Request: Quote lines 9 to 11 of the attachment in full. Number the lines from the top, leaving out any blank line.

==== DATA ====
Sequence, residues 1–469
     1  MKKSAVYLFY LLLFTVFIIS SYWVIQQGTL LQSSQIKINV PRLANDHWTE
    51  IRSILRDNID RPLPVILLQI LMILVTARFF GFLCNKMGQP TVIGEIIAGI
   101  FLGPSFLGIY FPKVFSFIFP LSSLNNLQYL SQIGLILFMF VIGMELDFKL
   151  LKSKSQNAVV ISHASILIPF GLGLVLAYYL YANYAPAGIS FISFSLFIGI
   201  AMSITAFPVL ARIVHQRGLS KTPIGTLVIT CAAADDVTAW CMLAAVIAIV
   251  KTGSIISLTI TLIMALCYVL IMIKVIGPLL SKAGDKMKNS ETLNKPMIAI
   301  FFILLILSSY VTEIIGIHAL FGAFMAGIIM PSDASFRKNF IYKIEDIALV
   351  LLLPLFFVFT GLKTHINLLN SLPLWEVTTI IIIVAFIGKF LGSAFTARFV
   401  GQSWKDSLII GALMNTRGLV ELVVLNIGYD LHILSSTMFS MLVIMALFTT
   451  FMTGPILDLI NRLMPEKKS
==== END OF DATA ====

   351  LLLPLFFVFT GLKTHINLLN SLPLWEVTTI IIIVAFIGKF LGSAFTARFV
   401  GQSWKDSLII GALMNTRGLV ELVVLNIGYD LHILSSTMFS MLVIMALFTT
   451  FMTGPILDLI NRLMPEKKS